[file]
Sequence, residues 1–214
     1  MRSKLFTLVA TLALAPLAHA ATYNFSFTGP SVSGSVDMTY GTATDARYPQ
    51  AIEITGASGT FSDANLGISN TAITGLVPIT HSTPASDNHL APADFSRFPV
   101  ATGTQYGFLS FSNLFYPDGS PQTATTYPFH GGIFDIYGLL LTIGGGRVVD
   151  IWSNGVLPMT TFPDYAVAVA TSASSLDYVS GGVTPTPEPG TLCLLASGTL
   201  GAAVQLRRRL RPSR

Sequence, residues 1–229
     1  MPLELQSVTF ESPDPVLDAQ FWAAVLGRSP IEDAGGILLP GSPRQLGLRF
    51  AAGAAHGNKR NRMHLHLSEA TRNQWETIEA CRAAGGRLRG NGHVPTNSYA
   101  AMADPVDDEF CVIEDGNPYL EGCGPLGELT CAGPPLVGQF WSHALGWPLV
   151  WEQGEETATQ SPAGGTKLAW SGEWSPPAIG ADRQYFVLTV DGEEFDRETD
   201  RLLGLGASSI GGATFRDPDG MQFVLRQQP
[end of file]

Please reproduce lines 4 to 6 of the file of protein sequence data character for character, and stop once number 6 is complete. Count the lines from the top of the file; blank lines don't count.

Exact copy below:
   101  ATGTQYGFLS FSNLFYPDGS PQTATTYPFH GGIFDIYGLL LTIGGGRVVD
   151  IWSNGVLPMT TFPDYAVAVA TSASSLDYVS GGVTPTPEPG TLCLLASGTL
   201  GAAVQLRRRL RPSR